- Prior owner did not have the resources and/or did not apply the resources to preserve the interior finishes.
- City of Milwaukee has enough money to demolish the building but refuses to mothball a historic structure for the same, if not lower, expense.
- The property sits in an inner city area that suffers from a lack of businesses and wealth that care enough in the neighborhood to invest in a tourist and entertainment focused vision for the area.
Permit me to add two items to his excellent observations. (My opinion inserted here!)
- The Theater Preservation community did not buy into the idea of restoring The Venetian. While there was interest expressed, it was not to the level that has been done with other similar projects. Some sited the building as a lost cause already, and they may have been right in many respects. Many years of a leaky roof did extensive damage. However, given some research to find original drawings, using photos that exist of the interior, it might have been re-created.
- The continuation of a “Who cares, lets tear it down.” Mentality by the city of Milwaukee.
The latter of these had reared its ugly head in the 1970’s when the Chicago and Northwestern Rail Road Depot was torn down.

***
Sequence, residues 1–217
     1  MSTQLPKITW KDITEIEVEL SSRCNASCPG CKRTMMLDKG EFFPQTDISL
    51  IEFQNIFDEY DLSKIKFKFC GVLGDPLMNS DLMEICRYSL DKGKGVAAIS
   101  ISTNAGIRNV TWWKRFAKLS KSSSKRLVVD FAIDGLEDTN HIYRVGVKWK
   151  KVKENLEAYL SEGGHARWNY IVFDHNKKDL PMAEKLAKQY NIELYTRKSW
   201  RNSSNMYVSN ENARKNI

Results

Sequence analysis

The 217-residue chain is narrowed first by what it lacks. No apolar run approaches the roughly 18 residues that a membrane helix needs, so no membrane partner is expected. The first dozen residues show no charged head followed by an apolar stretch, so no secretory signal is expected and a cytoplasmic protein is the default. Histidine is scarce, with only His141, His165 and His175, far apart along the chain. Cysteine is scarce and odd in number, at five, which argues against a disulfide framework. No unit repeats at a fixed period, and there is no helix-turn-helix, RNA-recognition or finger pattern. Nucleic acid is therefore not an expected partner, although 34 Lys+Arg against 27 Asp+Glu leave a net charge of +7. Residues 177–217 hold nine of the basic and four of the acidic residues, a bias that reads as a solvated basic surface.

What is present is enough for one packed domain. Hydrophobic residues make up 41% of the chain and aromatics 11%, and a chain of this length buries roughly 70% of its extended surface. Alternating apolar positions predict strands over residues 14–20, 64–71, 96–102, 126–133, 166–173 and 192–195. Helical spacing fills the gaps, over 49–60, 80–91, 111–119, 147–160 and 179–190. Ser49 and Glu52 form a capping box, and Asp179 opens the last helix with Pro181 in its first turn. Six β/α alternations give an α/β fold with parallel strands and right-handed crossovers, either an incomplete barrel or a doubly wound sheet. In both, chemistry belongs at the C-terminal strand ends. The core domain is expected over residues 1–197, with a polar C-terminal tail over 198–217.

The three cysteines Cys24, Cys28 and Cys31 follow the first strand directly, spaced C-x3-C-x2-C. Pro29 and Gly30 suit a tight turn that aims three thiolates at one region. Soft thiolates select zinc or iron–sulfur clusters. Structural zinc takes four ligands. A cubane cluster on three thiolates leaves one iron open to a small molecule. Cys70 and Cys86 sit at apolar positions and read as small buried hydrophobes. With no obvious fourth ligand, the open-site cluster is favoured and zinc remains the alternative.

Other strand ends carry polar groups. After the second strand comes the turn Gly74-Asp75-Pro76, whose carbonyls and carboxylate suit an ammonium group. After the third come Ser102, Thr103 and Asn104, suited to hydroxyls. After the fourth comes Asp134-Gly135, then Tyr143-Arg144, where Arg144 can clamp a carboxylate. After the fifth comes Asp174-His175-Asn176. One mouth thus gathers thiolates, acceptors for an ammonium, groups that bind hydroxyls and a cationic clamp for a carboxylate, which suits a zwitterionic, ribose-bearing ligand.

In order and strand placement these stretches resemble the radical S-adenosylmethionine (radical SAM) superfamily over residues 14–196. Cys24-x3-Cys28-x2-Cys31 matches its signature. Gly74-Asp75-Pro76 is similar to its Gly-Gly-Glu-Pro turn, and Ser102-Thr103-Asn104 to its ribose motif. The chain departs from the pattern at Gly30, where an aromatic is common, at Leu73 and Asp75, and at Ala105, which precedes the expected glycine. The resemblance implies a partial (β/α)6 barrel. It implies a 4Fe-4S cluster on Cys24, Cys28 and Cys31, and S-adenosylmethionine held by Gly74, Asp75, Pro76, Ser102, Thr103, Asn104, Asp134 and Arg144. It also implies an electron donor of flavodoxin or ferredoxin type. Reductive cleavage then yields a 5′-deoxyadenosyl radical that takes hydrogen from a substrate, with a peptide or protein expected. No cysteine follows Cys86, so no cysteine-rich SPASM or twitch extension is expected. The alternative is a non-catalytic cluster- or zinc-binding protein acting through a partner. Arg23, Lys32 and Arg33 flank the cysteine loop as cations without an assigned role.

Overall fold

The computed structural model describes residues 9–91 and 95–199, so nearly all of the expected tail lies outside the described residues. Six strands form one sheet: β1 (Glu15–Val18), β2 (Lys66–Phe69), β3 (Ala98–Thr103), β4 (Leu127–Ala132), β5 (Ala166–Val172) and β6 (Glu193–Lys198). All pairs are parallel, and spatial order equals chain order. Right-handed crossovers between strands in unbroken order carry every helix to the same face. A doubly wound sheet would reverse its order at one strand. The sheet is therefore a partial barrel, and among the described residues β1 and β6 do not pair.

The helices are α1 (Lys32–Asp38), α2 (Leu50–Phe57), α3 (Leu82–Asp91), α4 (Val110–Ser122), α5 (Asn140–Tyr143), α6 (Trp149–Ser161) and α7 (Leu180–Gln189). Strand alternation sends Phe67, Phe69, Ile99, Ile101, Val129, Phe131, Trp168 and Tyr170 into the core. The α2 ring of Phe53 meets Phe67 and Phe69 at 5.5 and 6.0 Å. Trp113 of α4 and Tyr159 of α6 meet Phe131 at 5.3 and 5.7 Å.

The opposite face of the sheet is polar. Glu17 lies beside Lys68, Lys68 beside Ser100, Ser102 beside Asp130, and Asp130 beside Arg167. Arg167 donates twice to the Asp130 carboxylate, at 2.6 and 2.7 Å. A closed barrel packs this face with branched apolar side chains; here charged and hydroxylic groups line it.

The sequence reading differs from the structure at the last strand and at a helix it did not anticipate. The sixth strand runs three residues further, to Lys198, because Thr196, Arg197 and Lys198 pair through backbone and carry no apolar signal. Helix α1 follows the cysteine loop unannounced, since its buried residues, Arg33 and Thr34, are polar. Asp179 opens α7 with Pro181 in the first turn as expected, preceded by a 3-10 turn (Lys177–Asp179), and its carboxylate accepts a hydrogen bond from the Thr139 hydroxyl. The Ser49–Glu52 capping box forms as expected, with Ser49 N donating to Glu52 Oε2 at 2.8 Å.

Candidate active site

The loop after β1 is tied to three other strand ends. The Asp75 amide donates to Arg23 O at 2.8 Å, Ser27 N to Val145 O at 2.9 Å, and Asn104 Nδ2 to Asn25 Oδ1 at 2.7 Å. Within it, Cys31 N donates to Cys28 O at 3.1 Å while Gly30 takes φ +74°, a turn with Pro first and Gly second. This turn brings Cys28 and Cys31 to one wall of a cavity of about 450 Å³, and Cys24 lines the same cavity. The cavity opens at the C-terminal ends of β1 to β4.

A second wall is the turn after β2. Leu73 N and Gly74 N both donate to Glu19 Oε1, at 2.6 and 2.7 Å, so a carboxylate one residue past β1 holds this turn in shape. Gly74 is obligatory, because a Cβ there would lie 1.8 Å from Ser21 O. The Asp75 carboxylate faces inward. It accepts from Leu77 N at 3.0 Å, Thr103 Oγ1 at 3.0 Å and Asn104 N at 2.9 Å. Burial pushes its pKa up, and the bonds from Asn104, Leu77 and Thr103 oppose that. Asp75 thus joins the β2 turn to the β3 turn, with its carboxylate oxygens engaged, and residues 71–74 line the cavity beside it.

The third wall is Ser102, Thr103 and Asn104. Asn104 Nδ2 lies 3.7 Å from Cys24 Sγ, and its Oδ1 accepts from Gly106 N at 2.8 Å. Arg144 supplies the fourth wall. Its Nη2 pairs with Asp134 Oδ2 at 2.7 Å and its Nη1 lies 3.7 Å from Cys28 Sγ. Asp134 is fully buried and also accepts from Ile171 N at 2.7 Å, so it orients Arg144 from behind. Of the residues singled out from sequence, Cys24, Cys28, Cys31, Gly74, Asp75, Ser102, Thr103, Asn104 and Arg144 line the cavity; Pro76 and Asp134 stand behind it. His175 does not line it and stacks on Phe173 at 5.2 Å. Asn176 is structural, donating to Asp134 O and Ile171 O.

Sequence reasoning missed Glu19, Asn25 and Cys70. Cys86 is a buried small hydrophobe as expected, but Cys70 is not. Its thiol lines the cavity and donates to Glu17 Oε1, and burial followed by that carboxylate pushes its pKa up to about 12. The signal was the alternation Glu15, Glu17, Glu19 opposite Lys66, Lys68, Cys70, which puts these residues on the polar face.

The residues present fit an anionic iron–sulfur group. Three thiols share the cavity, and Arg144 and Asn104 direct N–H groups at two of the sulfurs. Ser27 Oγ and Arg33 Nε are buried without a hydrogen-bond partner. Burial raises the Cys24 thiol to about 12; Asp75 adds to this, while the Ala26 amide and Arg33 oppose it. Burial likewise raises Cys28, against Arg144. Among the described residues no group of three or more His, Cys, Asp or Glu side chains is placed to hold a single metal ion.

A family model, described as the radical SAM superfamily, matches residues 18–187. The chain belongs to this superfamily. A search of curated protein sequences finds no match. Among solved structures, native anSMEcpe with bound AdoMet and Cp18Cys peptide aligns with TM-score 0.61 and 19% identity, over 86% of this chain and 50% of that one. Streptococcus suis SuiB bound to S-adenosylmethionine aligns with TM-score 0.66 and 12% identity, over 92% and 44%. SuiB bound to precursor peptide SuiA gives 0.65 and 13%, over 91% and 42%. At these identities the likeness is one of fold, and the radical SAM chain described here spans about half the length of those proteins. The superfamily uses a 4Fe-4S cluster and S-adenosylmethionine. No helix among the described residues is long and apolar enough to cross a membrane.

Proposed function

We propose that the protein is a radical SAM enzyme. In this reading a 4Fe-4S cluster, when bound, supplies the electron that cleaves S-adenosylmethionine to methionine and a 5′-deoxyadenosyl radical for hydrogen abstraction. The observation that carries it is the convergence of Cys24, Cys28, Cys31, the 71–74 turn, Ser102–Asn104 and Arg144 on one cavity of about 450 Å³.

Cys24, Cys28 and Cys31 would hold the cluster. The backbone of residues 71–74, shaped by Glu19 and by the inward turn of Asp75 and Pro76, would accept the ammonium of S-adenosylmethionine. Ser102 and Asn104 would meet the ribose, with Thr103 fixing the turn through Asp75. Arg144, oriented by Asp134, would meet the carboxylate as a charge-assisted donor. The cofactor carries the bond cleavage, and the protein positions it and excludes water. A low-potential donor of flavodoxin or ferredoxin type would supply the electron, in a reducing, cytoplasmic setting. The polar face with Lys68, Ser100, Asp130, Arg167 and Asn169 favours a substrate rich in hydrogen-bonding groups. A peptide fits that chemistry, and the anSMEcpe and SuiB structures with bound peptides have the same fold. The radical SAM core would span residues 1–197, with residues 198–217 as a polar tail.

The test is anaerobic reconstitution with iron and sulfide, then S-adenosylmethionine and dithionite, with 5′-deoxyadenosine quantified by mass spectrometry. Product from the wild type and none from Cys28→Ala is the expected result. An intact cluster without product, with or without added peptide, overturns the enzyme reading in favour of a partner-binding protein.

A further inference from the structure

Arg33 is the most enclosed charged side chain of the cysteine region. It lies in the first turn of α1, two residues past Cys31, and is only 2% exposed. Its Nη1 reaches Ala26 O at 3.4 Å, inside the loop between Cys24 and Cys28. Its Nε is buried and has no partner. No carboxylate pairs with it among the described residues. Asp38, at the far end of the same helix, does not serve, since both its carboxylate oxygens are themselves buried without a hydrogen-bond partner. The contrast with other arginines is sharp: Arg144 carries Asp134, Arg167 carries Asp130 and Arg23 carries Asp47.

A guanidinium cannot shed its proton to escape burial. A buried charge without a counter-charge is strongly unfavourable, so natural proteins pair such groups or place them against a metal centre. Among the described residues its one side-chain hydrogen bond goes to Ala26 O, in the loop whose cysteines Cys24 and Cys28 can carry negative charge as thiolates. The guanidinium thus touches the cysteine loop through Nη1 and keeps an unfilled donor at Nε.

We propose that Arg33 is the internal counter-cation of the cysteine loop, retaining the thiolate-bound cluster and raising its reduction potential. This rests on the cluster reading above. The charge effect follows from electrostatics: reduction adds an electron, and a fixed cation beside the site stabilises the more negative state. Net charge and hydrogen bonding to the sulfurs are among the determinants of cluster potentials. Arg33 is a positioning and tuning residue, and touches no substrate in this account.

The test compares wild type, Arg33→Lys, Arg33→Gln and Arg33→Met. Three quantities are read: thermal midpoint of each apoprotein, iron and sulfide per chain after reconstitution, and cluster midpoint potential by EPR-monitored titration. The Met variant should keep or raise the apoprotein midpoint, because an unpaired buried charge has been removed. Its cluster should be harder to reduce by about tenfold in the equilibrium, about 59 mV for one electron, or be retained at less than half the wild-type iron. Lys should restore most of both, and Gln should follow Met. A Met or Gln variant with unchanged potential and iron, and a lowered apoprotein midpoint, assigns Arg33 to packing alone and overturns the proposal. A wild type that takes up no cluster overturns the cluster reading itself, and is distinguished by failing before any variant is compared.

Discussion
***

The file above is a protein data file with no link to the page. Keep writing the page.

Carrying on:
Chicago and Northwest Station in Downtown Milwaukee - From Smithsonian Museum
This marvelous building was cleared away to make room for a parking lot. Later in the 1980’s a tribute to this building was placed in a section where it once stood. Now, an office building has been erected and all attribution of the building is lost.
Future generations will little know about the building of the Venetian.
I return back to my original question. What if Fords Theater had been torn down?
Only by keeping a historic record can this building be kept alive in some form.
When will we learn that we look a great deal when a building is torn down with out regards for history or for the future?
Center Street and the Future
While I was touring the area that Saturday morning, a business owner was packing some items in his van and asked me why I was doing so. I told him about living where I did and that I was back to take notes and pictures. He told me that several business owners were working to rebuild Center Street to the level it once was, humming with businesses and residents.
I hope the efforts they are doing can be fruitful. It is a place of many memories for me.
If you have any information about the Venetian, please contact me by sending an email to me:
I’m interested in hearing from anyone who experienced it in person as a theater or as the retail store. Or, perhaps you worked there or had a parent who did. Or perhaps someone in your family helped build it, or perhaps they appeared there in a show.
If you have a photo or some memorabilia, I would give proper credit to you for its use in a future published work.
What will we do when our history is lost? When the past has been wiped away like dust?